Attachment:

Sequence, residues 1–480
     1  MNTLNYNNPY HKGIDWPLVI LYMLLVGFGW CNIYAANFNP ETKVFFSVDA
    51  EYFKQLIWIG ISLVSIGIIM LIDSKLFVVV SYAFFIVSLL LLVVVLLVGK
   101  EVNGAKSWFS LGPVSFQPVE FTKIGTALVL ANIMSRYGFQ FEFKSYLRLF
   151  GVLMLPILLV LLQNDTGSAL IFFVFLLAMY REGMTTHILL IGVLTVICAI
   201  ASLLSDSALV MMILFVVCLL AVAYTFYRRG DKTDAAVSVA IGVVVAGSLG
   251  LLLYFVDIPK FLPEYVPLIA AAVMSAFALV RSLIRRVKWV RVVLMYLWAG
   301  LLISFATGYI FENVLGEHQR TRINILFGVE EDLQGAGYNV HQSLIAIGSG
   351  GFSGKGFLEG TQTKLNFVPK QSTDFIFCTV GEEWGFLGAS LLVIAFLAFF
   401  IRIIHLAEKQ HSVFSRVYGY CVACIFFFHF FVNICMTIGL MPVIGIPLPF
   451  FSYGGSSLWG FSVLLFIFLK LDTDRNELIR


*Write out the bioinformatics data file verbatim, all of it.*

Sequence, residues 1–480
     1  MNTLNYNNPY HKGIDWPLVI LYMLLVGFGW CNIYAANFNP ETKVFFSVDA
    51  EYFKQLIWIG ISLVSIGIIM LIDSKLFVVV SYAFFIVSLL LLVVVLLVGK
   101  EVNGAKSWFS LGPVSFQPVE FTKIGTALVL ANIMSRYGFQ FEFKSYLRLF
   151  GVLMLPILLV LLQNDTGSAL IFFVFLLAMY REGMTTHILL IGVLTVICAI
   201  ASLLSDSALV MMILFVVCLL AVAYTFYRRG DKTDAAVSVA IGVVVAGSLG
   251  LLLYFVDIPK FLPEYVPLIA AAVMSAFALV RSLIRRVKWV RVVLMYLWAG
   301  LLISFATGYI FENVLGEHQR TRINILFGVE EDLQGAGYNV HQSLIAIGSG
   351  GFSGKGFLEG TQTKLNFVPK QSTDFIFCTV GEEWGFLGAS LLVIAFLAFF
   401  IRIIHLAEKQ HSVFSRVYGY CVACIFFFHF FVNICMTIGL MPVIGIPLPF
   451  FSYGGSSLWG FSVLLFIFLK LDTDRNELIR